Progressives take exception to “Deeds Country”
Democratic nominee for governor Creigh Deeds, launched an aggressive tour of Southside and Southwest Virginia on Sunday aimed to build support in rural parts of Virginia for the candidate who hails from the smallest county in the Commonwealth.
Team Deeds will hold rallies in several sections of the traditionally conservative part of the state, hoping to show that Deeds’ rural roots will help them if he gets to the governor’s mansion. The effort has a decidedly down home theme. It is called “Deeds Country” and was launched with a polished web video that could easily double as a country music video.
But while it would seem that Deeds’ authentic country roots coupled with his socially liberal positions on the issues would make him the perfect candidate, the way he is embracing this side of his personality is turning off his more liberal Northern Virginia supporters.
Ben Tribbett, author of the popular, but controversial, “NotLarrySabato” blog tweeted “Can someone please tell @CreighDeeds he is running for Governor of an urban/suburban state- not Sheriff of Mayberry.” Tribbett who supported Terry McAuliffe during the primary, later posted the video on his blog and called it the “collapse of the Deeds campaign“.
But while Tribbett is known as a flame thrower, he is not alone in his disappointment with the turn Deeds has taken. Miles Grant who currently contributes to Blue Virginia built the case that video and the “Deeds Country” concept is not what democrats need to excite the same type of voters that came to the polls last November. “But as July turns to August,” wrote Grant, “how many Obama voters are going to be fired up (ready to go) when they see Deeds driving a gas-guzzler down dusty rural roads aw-shucksing it up with a decidedly non-diverse crowd?”
And a blogger who goes by “Elaine from Roanoke”, who recently wrote a blistering post about the state of Deeds campaign, echoed Tribbett and Grants comments on Blue Virginia as well. ” I don’t know exactly what Joe Abbey and Creigh are thinking,” she said. “but they won’t get the votes to win this election in Southwest Virginia.”
((The “Deeds Country” video and more after the jump..))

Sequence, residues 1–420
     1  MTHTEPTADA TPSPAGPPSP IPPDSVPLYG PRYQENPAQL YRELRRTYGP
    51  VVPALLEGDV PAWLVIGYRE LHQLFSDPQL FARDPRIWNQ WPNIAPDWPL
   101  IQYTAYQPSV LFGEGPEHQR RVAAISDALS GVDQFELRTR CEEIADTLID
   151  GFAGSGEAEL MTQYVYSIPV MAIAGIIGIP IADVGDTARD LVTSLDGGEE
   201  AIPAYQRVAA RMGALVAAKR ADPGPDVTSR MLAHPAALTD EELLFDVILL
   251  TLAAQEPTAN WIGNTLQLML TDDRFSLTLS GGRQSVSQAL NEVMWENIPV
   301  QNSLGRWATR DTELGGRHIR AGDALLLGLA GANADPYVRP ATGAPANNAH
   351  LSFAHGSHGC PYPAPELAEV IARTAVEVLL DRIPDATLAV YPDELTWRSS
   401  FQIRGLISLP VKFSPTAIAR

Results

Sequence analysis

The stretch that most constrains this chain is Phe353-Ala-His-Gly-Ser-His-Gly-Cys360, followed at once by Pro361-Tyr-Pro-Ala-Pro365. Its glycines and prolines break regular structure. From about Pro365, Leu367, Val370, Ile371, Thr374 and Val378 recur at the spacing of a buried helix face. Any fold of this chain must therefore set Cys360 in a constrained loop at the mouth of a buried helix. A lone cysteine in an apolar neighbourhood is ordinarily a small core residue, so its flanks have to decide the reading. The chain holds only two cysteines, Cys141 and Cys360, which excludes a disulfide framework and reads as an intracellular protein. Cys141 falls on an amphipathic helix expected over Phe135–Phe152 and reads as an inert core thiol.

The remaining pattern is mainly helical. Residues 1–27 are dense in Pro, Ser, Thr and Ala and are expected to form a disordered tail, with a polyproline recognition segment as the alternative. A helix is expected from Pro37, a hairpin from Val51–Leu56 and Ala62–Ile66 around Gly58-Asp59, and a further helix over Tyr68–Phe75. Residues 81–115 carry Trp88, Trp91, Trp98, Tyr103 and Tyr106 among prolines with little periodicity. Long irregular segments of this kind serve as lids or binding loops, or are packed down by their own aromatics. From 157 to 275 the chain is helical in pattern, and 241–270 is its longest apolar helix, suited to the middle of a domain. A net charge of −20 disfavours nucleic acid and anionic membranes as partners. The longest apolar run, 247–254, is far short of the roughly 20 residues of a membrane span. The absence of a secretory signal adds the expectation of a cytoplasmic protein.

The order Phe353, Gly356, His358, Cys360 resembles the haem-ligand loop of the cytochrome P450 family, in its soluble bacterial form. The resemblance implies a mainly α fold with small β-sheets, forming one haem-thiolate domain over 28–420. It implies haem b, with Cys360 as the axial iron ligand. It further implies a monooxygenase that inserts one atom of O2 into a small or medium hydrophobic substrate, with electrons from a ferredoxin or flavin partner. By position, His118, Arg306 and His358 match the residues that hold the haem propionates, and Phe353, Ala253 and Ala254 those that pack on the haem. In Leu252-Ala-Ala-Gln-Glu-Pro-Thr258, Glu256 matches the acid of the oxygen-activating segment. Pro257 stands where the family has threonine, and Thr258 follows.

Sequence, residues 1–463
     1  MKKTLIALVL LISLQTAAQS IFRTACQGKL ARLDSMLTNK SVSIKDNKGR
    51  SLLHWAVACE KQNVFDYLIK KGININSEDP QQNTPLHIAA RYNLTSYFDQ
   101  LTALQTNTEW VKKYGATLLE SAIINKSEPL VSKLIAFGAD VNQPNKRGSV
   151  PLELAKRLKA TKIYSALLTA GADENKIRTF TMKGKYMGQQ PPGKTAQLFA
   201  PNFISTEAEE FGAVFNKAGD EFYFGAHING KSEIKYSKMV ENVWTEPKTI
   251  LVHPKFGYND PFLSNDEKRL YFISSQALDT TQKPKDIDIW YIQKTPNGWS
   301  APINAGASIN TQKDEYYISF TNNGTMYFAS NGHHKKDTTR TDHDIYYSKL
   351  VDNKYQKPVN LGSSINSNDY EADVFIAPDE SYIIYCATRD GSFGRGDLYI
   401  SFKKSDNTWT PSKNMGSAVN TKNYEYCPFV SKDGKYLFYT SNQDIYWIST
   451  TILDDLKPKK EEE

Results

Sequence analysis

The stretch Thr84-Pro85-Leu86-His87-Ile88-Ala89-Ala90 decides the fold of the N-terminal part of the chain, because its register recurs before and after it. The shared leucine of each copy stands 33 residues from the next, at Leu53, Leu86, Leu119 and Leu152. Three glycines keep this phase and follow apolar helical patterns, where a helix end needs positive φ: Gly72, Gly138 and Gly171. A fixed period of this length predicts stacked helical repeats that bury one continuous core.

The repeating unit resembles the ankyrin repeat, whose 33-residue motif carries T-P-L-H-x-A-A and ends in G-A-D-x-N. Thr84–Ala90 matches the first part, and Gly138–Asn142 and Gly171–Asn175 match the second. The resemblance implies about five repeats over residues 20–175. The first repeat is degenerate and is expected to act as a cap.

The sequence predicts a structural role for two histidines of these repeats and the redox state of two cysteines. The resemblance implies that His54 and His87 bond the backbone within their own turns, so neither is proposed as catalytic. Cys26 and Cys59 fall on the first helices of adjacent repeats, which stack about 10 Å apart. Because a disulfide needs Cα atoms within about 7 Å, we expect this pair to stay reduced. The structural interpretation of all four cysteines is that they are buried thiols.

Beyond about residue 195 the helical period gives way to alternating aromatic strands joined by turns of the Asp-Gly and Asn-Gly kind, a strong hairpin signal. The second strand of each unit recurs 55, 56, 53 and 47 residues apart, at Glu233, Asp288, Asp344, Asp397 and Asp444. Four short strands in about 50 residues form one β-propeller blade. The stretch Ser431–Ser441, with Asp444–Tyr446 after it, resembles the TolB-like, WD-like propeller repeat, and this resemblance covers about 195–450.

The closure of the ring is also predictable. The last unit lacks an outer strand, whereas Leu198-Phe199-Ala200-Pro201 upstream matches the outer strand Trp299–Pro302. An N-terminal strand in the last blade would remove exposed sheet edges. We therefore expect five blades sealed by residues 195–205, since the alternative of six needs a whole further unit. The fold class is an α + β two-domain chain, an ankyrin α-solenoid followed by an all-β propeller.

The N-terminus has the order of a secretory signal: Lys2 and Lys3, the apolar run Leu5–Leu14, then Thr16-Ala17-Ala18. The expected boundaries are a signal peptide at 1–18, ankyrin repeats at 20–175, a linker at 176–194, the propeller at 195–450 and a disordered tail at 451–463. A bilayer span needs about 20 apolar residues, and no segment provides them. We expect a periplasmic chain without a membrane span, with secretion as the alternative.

If you haven’t seen the “Deeds Country” video yet, here it is:
The discussion is not lost on Deeds staffers who, just like me, are watching the debate go back and forth on twitter and blogs. Campaign manager Joe Abbey tweeted that there is a method to their efforts. “..lock down rural VA (25% of vote) – then get Obama surge vote out!”
This discussion is a perfect example of the delicate balance that exists in Virginia politics. Two different parts of the state, (geographically and ideologically) that are both very important to the final vote. Is it possible that Democrats, who were excited about the benefits that came with a Deeds nomination, may now be concerned that their candidate isn’t quite what they bargained for? You may recall that in the closing days of the primary, Terry McAuliffe and Brian Moran attacked Deeds for positions that they felt were outside of the democratic mainstream. Their characterization of him, in essence, moved him to the middle.
The day after his primary win, I asked the new nominee about the way his opponents painted him. What would he now say to progressive voters looking for someone to support in the general election? His response is below:
“I am a middle of the road guy, I’ve always been a middle of the road guy, that didn’t change in the primary and it’s not going to change in the general election.”
Is the Deeds’ position on the political road far enough to the right to attract Southwest and Southside Virginia voters, while at the same time not alienating Northern Virginia voters?
The answer could decide this election.